The owner of the Whistler Aggregates asphalt plant in Cheakamus Crossing has applied for a lease extension of more than 30 years, and the Resort Municipality of Whistler (RMOW) is preparing to oppose it.
"It's 30-plus years too many," said Mayor Nancy Wilhelm-Morden, when asked for her thoughts on the length of the proposed extension.
"We don't want to see renewal of the plant."
As part of the application, the provincial government is requesting a new survey of the exact area Whistler Aggregates owner Frank Silveri would like to lease, after which the RMOW will have 30 days to respond, the mayor said.
The municipality met with government officials at last fall's Union of BC Municipalities convention in anticipation of the impending renewal, she said.
"They have to weigh the concerns of their constituency, but they also have to take into account the fact that this fellow has been in operation for many, many years, he does pay them royalties, and it's revenue generation for the province," said Wilhelm-Morden.
"On the other hand, Whistler generates $1.53 billion in GDP, so when we say that those uses are inconsistent with what we're doing here, firstly, and secondly it's immediately adjacent to a neighbourhood of full-time residents... I'm hopeful that some weight will be given to our comments, but I do think that the neighbourhood has to certainly make their views known, and the fact that we're four months out from a provincial election may have some play here as well."
Residents who wish to share their thoughts can do so with the Ministry of Forests, Lands and Natural Resource Operations, MLA Jordan Sturdy and Minister of Forests Steve Thomson.
"Time is of the essence for people to get their comments in," Wilhelm-Morden said.
The fight over the location of the asphalt plant stretches back more than a decade, and was one factor that led to the ousting of Whistler's entire mayor and council in 2011.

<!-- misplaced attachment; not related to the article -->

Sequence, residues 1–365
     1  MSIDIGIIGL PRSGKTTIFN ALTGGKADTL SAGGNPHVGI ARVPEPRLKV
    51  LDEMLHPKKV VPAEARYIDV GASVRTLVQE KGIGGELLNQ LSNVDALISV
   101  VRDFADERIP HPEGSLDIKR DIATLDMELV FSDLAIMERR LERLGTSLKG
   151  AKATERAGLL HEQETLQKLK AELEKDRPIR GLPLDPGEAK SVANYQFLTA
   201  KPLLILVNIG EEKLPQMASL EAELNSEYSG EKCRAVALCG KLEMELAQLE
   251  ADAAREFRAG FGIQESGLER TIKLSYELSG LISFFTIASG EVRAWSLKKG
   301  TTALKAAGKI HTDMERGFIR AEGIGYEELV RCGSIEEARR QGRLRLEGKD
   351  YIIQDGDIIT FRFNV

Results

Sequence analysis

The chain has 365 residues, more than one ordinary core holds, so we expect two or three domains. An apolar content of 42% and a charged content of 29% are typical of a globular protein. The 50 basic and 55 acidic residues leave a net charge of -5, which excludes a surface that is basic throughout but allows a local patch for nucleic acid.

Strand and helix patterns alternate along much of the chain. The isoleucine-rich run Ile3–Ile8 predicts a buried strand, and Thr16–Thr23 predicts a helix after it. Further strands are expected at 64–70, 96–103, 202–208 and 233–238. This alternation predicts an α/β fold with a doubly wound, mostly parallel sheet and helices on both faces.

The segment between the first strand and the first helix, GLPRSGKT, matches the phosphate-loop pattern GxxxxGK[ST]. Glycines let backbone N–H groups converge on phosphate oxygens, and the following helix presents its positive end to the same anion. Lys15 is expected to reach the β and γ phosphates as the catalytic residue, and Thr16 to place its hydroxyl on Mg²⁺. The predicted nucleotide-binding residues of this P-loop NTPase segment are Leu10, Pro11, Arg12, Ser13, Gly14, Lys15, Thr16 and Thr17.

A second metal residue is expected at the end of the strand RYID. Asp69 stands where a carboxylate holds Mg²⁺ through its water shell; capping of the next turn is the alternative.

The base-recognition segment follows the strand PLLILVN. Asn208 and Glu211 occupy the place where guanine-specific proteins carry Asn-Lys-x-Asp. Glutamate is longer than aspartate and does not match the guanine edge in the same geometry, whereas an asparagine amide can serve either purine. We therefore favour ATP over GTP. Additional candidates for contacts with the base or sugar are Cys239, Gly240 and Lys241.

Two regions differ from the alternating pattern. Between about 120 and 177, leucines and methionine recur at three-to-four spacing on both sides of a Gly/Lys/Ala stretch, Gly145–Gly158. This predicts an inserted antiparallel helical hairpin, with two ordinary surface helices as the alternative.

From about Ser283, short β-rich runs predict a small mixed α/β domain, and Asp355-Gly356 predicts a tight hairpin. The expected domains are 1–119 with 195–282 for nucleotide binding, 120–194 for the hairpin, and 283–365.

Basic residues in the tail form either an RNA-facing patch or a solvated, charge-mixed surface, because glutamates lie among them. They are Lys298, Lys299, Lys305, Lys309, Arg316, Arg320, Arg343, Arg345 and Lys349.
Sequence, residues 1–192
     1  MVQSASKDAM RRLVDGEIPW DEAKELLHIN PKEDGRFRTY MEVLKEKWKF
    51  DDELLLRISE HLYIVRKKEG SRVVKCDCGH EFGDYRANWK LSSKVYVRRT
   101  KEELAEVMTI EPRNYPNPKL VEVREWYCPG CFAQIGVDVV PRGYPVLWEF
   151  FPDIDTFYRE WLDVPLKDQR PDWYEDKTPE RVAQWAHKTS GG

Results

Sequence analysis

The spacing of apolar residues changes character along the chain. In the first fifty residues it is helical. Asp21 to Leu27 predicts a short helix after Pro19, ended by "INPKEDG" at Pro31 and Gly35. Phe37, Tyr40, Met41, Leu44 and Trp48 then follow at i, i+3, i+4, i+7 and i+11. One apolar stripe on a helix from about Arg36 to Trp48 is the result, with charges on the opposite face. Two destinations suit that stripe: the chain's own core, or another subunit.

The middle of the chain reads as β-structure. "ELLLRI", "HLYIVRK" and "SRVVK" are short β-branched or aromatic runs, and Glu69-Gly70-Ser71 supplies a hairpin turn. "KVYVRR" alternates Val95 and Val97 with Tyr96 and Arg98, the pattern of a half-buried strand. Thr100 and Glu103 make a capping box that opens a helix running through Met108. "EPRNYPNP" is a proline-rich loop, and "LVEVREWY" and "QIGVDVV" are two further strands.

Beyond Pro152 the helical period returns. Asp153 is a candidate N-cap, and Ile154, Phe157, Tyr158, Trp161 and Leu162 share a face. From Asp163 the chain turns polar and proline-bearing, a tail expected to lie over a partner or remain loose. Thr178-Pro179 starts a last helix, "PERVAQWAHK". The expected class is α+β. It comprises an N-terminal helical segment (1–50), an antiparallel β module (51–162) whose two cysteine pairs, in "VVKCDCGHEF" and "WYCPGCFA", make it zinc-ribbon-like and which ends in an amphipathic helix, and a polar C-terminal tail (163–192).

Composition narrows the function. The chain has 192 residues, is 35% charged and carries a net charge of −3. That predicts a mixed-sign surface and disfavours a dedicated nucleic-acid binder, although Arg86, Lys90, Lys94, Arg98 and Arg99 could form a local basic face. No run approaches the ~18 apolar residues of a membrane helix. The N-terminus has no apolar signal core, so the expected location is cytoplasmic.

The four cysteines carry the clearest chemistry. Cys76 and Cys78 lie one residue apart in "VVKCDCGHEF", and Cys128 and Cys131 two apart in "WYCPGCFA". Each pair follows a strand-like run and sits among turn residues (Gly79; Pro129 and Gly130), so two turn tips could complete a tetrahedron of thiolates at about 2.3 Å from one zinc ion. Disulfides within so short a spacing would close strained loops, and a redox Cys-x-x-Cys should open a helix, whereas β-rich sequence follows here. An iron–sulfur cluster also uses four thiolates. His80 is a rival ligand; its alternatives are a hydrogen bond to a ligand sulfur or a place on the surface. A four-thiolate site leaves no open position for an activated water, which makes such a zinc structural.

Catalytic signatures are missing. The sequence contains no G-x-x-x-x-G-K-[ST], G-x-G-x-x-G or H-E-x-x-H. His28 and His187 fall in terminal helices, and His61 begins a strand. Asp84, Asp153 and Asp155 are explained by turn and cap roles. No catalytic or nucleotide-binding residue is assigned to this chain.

Cheakamus resident Tim Koshul was one of several people who poured countless hours into research and was outspoken on the issue.
"There's so many layers to the onion. I don't know if you or me or anyone will ever know everything about everything, but one thing I know for sure is this neighbourhood has grown," Koshul said.
With new families in the neighbourhood and more housing on the way, Koshul still has concerns over the potential health effects of living so close to an asphalt plant.
"Thirty years is just a disaster," he said of the new proposal.
"The kids are out on hikes all the time and outside, and I've seen the dust bowls... when they're crushing rock and the dust is going, health experts tell me that's worse than what the asphalt plant can do to you."
Koshul said he'd like to see the plant relocated, and not into someone else's backyard.
"I don't think that thing should be in anybody's backyard in Whistler," he said.
"I think it's crazy. There's vast areas, and it's a portable plant that they try to pretend is etched into the earth and it can never be moved."
Wilhelm-Morden said her understanding is that there is no reason for the plant to be located where it is, "because (Silveri) has to truck in all of the materials, including rock, for the manufacture of asphalt, so the plant has no reason to be there."
"He owns a gravel pit north of here, which is across the street from one single-family home as opposed to 200, so there are alternatives available to him for the asphalt plant."
Silveri did not respond to a request for comment before Pique's deadline.
Is Koshul confident the plant can be moved?
"If you asked me before the last fiasco, if I thought a community like Whistler would pull out all the stops to remove heavy industry, back then I would tell you 'absolutely,'" he said.
"That's not what we are. We're a tourist-based town, right? Not heavy industry. But after that last mess, I'm not so confident anymore."